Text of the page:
Global environmental challenges
Life on Commonwealth Bay
It’s Dec 14, a special day for those of us lucky enough to be in Antarctica. On this day, 98 years ago, Norwegian explorer Roald Amundsen became the first person to reach the South Pole. He was wearing skis and heavy fur clothing and hauling his gear behind a team of dogs (many of which became dinner throughout the journey).
Almost a century later, as I look around our little camp at Cape Denison on the edge of the Antarctic ice shelf, overlooking the penguins of Commonwealth Bay, I can see how much has changed: high-tech waterproof fabrics and Velcro have taken over from fur, Skidoos have replaced the huskies and hand-held GPS can pinpoint our position to the centimetre.
One thing, however, has not changed: sturdy canvas tents still serve as ideal accommodation on the ice, even in the windiest place on Earth, right here at Commonwealth Bay.
My tent is pitched right on the edge of the bay, where our team is working to conserve a historic wooden hut that was built a few months after Amundsen won the race to the pole. It was home to another Antarctic explorer, Australian scientist Douglas Mawson, who was more interested in the “other” South Pole, the magnetic South Pole which, unlike the geographic one, can move about.
Our sleeping arrangements are shared between the bunk house and tents. Six people have chosen to sleep indoors and four of us have chosen to live in single polar tents, allowing us the luxury of space and spectacular views.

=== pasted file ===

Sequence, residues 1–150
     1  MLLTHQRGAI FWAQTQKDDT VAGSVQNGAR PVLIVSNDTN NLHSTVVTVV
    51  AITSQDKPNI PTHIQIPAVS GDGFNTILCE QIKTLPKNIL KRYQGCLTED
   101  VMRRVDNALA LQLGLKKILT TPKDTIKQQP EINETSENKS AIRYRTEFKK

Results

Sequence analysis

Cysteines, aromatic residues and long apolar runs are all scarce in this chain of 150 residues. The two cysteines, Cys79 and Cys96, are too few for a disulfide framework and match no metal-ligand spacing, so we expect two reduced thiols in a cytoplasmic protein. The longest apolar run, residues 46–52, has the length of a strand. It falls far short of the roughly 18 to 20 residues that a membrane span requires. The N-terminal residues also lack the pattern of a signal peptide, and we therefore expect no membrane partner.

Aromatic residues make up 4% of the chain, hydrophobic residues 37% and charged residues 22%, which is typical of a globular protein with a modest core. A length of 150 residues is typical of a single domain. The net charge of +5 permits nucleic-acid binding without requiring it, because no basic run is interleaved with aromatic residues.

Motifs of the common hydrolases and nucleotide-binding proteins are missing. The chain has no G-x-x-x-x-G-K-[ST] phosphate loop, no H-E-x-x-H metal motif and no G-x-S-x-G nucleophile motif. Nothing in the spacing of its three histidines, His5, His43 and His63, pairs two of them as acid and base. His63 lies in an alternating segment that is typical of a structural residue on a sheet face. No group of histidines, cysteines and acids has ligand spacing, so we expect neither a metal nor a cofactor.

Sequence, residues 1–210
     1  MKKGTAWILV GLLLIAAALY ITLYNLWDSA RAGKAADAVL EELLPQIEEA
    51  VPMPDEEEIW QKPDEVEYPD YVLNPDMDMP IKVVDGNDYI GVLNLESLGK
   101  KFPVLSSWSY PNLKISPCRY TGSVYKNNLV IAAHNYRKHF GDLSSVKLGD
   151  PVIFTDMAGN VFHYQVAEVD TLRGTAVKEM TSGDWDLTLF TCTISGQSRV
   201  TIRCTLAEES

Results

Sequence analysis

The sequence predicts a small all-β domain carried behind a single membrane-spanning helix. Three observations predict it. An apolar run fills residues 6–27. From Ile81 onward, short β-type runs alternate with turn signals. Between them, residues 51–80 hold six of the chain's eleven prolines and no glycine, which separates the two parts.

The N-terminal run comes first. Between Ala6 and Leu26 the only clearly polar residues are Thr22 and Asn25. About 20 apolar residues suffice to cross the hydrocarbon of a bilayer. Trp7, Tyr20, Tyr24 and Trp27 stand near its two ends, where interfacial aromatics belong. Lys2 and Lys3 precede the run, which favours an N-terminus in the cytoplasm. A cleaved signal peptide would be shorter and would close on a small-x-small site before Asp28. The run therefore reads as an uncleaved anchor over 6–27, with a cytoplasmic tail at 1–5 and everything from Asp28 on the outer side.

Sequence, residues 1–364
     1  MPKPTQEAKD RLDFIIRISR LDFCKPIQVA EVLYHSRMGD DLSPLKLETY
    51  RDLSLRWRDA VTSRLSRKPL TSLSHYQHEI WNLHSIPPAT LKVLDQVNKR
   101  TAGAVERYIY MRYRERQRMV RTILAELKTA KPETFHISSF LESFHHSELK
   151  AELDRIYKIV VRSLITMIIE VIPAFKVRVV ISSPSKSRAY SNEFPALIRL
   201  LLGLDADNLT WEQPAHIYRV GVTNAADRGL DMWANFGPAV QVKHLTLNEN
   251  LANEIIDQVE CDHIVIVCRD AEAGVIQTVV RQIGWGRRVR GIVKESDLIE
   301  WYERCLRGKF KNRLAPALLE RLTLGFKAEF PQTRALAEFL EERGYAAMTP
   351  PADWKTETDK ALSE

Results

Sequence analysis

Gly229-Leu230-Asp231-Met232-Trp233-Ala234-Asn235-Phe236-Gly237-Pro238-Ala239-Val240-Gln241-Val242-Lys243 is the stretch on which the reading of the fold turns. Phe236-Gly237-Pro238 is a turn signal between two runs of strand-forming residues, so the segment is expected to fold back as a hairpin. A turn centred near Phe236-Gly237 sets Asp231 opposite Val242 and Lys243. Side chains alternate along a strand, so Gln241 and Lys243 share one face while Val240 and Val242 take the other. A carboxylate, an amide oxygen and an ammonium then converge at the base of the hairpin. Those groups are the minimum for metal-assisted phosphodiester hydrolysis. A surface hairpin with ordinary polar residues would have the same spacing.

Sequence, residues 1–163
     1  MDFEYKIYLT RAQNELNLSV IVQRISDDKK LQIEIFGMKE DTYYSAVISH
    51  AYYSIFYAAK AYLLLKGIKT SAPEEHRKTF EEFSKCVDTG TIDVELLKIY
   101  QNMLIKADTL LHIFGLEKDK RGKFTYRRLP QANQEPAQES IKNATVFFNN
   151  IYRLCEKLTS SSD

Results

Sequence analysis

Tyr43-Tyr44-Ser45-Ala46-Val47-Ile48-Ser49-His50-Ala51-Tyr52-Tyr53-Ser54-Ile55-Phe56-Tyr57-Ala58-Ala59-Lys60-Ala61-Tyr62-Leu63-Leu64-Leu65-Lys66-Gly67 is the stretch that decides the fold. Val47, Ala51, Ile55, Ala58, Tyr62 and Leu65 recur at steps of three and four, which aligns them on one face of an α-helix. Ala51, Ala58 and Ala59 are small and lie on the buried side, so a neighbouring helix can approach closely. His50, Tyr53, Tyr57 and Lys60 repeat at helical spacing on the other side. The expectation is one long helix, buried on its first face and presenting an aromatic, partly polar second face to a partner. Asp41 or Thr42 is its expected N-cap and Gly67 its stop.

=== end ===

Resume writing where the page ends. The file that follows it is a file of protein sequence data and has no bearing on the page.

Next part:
In deciding to sleep outside, we had to take into consideration the ice melt which will occur during our stay and could saturate our temporary homes and the harsh katabatic wind that blows through Cape Denison.
Our neighbours, the Adelie penguins, come by frequently to stop and stare – it’s a fantastic sight. In the early hours of the morning you can see the penguins sleeping on the ice, scattered just metres from our tents, and icebergs drifting across the bay in the distance.
Living in a tent in Cape Denison is an incredible experience and most likely a once-in-a-lifetime opportunity. So no matter how cold it is outside it’s a real pleasure to step out of my tent and take a moment to appreciate my surroundings. Although the wind is noisy throughout the night, the experience of living outdoors in Antarctica compensates for any temporary discomfort.
It’s always light in the tent at this time of year, when the sun never really sets, but my eye-shades are not necessary. It’s too cold to keep your head outside the sleeping bag. The only place to get a reasonable night’s sleep is to be burrowed deep within my sleeping bag with only enough air to breath.
We are now in our fifth day at Commonwealth Bay, at 67 degrees of latitude where the average temperature swings between minus 13 and 5 degrees Celsius and the average wind blows 50 knots (120 kph).
Our days are busy, packed with heavy physical work, great food and lots of laughs.
Dr Peter Morse, official photographer for the Mawson’s Hut expedition, has entertained us many times with his evening presentations. On one occasion he spent about a half-an-hour giving us a lecture with detailed diagrams on Antarctic toilet etiquette which was extremely amusing.
We had a magical moment tonight just after dinner when one of the carpenters, Mark Farrell, shouted ‘Orcas’ and sent nine of us scrambling out of our main camp dwelling, the Sorensen hut, toward the ice-edge where we saw about 20 Orcas on a hunting party pass right under our eyes.
It was interesting to see the penguins scramble up onto the ice, as though they knew their lives depended on it. Within minutes of the whales passing, the penguins playfully tumbled back into the water. It was an awesome experience for all of us.
Stay tuned for how we live and what we eat in my next blog.